A Naval Academy graduate with a Master’s degree in Systems Management from the University of Southern California, Dave currently supports himself as a business development professional, providing consulting services to businesses pursuing Federal contracts, predominately in the Defense and information technology sectors. He started his career as a Surface Warfare Officer in the U.S. Navy, serving as an Electronics Warfare and Electronics Maintenance Officer on a naval combatant. Leaving the Navy, his career has spanned numerous technology fields. He has worked in undersea warfare systems, information technology, transportation systems, and the intelligence community, in various capacities that included roles as an analyst, business development manager, program manager, engineering manager, systems engineer, director, and for a short time, business manager for a family owned antiques store. Dave has been an avid collector and restorer of antiquities, including vintage and 18th century furniture, 70s and 80s period automobiles, and more recently, tube-based electronics. His specialty area currently lies in the collection, repair, restoration, and calibration of Hickok and military vacuum tube testers. In addition to his service on the NCRTV board supporting strategic planning for the museum, he also serves as a director on the board of the Mid-Atlantic Antique Radio Club. He is also a graduate of the NCRTV’s Antique Radio Repair course. Dave lives in Annapolis, MD.
Immediate Past Chair — David Green
John Anderson (term expires 2018)
John graduated from Johns Hopkins University School of Medicine and spent most of his career there as a clinical nephrologist (kidney specialist) until retiring in 2010. His interest in vintage radios and TVs dates to 1950 when at age three, he was the first employee of Anderson Radio and Television Repair, a business started by his father, Gus Anderson. Gus had received a degree in Radio and Television engineering in 1940 and served in the US Army Signal Corp. Encouraged by his uncles Bill and Neil, radio and computer engineers, respectively, as well the need to refurbish the Zenith farm radio and Magnavox TV he inherited from his dad, he took the Museum’s vintage radio repair course and then become a docent in 2014. He was elated when the farm radio worked beautifully at his family reunion in front of his uncles and three cousins who are also engineers.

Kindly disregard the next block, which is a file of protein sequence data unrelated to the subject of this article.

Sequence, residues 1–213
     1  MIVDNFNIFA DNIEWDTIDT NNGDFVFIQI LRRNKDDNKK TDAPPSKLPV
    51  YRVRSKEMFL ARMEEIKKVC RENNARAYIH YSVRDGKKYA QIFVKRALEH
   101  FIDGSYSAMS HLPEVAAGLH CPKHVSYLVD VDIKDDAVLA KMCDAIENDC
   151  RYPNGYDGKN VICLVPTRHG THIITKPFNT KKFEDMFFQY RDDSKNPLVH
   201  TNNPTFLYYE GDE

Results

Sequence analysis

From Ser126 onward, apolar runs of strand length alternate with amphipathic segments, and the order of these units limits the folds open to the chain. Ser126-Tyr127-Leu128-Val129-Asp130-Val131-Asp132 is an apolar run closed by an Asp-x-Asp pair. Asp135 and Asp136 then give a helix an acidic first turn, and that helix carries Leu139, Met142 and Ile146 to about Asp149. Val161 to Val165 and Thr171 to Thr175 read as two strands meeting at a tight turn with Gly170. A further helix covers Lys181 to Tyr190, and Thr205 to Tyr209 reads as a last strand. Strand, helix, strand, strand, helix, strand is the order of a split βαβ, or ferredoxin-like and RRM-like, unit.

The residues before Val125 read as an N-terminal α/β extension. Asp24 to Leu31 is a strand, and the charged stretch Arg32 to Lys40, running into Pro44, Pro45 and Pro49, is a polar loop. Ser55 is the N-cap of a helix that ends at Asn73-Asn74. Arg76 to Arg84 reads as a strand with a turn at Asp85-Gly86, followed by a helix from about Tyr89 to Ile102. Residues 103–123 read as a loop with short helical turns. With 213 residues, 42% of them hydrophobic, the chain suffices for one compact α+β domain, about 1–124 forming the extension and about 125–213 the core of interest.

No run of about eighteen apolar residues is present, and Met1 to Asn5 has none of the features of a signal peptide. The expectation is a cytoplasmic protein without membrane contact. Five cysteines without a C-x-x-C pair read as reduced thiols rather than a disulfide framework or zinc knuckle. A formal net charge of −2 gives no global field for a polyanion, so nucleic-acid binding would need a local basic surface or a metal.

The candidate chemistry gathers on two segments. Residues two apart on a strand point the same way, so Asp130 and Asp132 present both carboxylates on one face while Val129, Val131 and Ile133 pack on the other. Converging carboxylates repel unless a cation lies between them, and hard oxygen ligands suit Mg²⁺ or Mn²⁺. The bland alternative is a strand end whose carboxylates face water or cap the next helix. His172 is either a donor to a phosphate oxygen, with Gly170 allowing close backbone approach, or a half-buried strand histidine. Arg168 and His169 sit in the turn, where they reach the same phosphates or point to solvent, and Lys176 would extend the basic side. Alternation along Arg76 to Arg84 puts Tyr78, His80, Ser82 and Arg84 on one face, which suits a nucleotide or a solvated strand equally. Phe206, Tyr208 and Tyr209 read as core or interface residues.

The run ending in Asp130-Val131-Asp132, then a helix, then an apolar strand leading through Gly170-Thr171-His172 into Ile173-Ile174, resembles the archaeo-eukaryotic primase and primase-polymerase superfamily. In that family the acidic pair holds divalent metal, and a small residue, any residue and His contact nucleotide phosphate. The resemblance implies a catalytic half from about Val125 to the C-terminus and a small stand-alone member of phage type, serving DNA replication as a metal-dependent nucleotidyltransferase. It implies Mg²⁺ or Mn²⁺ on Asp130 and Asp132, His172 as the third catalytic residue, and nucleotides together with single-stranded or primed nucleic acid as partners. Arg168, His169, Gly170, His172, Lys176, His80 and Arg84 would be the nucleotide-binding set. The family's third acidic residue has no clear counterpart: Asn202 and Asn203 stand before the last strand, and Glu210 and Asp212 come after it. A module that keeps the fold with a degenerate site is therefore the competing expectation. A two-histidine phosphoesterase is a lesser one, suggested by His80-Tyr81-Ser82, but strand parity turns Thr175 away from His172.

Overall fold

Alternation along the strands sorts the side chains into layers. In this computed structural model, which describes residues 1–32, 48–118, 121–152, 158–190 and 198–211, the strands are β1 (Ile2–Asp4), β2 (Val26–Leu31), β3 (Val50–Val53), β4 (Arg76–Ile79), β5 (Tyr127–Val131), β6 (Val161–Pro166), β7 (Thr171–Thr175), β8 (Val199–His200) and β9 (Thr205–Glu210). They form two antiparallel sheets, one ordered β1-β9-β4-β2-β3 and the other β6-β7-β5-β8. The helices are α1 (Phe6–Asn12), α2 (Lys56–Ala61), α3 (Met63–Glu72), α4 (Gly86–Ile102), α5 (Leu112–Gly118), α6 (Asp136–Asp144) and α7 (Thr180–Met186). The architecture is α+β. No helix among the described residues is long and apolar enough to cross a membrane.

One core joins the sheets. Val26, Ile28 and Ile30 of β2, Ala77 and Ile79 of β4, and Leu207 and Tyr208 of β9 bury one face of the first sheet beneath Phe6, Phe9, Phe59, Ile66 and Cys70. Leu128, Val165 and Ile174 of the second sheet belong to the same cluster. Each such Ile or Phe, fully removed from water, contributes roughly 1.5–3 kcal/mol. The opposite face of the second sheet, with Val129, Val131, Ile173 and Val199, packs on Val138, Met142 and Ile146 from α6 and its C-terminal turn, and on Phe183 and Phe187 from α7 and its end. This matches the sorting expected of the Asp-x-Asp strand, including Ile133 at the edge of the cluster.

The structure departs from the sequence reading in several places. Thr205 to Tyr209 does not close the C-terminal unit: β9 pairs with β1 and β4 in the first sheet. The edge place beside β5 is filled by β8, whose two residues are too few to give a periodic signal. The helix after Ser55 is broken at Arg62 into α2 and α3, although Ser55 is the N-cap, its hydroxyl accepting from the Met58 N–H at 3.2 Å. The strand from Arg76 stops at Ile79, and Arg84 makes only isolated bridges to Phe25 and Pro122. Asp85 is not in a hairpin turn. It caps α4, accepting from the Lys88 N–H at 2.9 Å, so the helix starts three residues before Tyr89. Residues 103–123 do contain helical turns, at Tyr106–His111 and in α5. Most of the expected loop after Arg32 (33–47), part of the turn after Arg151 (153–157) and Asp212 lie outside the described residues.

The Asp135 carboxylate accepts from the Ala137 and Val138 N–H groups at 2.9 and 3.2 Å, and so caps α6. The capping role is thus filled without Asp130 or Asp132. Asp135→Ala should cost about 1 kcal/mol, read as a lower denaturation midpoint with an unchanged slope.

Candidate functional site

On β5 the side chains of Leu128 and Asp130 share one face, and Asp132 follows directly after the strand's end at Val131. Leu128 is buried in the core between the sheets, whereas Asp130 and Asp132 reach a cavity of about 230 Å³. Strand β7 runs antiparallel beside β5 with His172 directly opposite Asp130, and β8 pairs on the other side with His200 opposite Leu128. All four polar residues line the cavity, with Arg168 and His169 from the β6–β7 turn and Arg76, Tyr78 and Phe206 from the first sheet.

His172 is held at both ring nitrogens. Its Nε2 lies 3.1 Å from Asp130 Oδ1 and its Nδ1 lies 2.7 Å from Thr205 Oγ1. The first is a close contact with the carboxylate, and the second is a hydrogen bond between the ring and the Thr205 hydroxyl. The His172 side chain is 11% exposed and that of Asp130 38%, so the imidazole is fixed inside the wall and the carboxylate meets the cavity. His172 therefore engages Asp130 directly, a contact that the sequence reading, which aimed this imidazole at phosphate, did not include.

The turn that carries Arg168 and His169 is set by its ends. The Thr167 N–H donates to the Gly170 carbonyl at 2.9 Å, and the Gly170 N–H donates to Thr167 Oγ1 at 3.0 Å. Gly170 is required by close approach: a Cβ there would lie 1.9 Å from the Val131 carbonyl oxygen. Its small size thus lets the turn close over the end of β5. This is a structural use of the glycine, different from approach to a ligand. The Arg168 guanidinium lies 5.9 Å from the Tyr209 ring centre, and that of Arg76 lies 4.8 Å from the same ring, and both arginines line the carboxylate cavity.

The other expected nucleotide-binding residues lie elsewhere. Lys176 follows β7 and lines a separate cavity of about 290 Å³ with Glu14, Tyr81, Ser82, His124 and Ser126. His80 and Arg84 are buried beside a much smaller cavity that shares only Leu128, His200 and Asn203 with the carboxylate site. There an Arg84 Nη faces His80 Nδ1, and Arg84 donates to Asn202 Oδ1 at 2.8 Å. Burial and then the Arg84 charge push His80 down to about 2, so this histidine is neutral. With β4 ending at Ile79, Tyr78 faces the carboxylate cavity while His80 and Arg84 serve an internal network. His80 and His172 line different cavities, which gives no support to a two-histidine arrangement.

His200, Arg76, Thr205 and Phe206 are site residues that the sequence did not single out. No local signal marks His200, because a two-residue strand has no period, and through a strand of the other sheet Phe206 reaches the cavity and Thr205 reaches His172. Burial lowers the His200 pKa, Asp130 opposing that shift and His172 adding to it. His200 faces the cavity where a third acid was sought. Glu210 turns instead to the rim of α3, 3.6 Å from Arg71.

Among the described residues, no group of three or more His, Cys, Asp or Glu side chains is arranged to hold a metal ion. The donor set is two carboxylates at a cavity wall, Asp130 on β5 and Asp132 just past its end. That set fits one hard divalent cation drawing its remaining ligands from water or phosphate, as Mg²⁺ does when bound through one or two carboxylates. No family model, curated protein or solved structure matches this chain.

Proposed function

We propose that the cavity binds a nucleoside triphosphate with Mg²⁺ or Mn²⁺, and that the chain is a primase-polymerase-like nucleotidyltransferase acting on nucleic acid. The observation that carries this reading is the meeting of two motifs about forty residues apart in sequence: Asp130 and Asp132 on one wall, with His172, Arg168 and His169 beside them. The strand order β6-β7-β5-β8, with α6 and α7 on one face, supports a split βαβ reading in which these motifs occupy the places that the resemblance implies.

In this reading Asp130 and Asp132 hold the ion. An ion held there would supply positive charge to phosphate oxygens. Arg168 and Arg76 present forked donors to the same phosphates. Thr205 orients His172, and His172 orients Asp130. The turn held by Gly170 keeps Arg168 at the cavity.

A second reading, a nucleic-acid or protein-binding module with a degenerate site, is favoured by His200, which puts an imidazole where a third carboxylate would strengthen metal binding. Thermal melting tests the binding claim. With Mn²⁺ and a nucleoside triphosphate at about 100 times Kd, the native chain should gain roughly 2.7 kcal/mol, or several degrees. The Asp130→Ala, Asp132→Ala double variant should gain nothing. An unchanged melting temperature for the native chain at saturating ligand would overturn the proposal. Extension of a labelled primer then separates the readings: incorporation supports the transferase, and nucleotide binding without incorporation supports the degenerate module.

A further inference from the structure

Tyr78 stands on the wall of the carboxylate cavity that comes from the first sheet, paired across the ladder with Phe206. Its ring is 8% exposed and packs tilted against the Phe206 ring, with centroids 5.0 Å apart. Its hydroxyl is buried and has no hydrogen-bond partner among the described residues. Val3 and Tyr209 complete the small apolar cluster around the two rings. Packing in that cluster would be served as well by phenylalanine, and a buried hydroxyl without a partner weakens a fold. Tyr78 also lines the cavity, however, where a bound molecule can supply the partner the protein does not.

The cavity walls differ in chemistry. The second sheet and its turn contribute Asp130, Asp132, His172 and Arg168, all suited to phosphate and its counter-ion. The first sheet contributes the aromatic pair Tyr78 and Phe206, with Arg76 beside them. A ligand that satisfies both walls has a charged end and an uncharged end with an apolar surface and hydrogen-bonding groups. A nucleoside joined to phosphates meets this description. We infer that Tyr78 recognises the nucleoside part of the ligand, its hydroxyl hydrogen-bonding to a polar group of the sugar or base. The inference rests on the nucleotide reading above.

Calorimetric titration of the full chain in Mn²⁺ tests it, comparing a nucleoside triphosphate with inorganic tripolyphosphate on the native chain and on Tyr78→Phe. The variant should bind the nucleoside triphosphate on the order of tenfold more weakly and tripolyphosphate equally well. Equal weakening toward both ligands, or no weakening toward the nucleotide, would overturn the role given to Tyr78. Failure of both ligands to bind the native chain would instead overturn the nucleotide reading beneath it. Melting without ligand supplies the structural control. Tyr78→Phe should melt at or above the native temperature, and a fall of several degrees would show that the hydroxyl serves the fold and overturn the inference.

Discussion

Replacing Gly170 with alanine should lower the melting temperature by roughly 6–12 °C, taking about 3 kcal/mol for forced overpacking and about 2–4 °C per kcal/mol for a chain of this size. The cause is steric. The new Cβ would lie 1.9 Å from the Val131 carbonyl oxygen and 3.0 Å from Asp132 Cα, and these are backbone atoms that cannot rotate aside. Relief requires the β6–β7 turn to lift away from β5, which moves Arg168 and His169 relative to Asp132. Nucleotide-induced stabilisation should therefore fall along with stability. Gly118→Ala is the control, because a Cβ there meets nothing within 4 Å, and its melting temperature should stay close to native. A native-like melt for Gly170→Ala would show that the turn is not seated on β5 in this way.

He lives in the middle of an apple and pear orchard in Glen Arm, MD, with his wife, a research scientist and serves on the medical advisory board of the National Kidney Foundation of Maryland. They are frequent visitors to London, U.K., where their daughter is a corporate banker and their one year old granddaughter is into playing with trucks and balls not dolls.
Cathy Gorn (term expires 2018)
Dr. Cathy Gorn is executive director of National History Day and adjunct professor of history at the University of Maryland at College Park, the institutional home of National History Day. As such, she has directed more 20 national and international institutes for teachers of history and social studies including institutes on: “Normandy: Sacrifice for Freedom,” and “Global and Multi-Cultural Perspectives on the Columbian Voyage and Its Legacies.” Dr. Gorn serves on the White House Historical Association Board of Trustees, the Education Advisory Committee for the First Freedom Center and the Education Committee of the American Bar Association and the Presidential Advisors for the National World War II Museum. She brings her non-profit management and fundraising expertise to the Board.
Stephen Hansman (term expires 2018)
Steve is a Board Certified Family Physician and a native Marylander. He most recently spent 24 years providing primary care at Johns Hopkins Community Physicians in Annapolis. Steve has been collecting radios for many years and likes to think of himself as a kind of archaeologist, looking for radios at flea markets and antique shops, posted on eBay, or available by networking through people who share his passion. Steve is the Medical Director for Primary Care of the Anne Arundel Medical Group and also treats patients at the Pasadena office.
James O’Neal (term expires 2016)
James has been involved in broadcasting-related activities for most of his life, beginning with employment at a commercial radio station during his teen years. He spent nearly 37 years in television engineering before retiring in 2005, and immediately began a second career as technology editor for TV Technology magazine. He is an avid broadcast historian, and has published numerous articles on early radio and television. He has been invited to lecture at broadcast engineering conferences, the Smithsonian Institution, and before radio/television history groups. He is a graduate of the University of Arkansas and a member of several engineering organizations.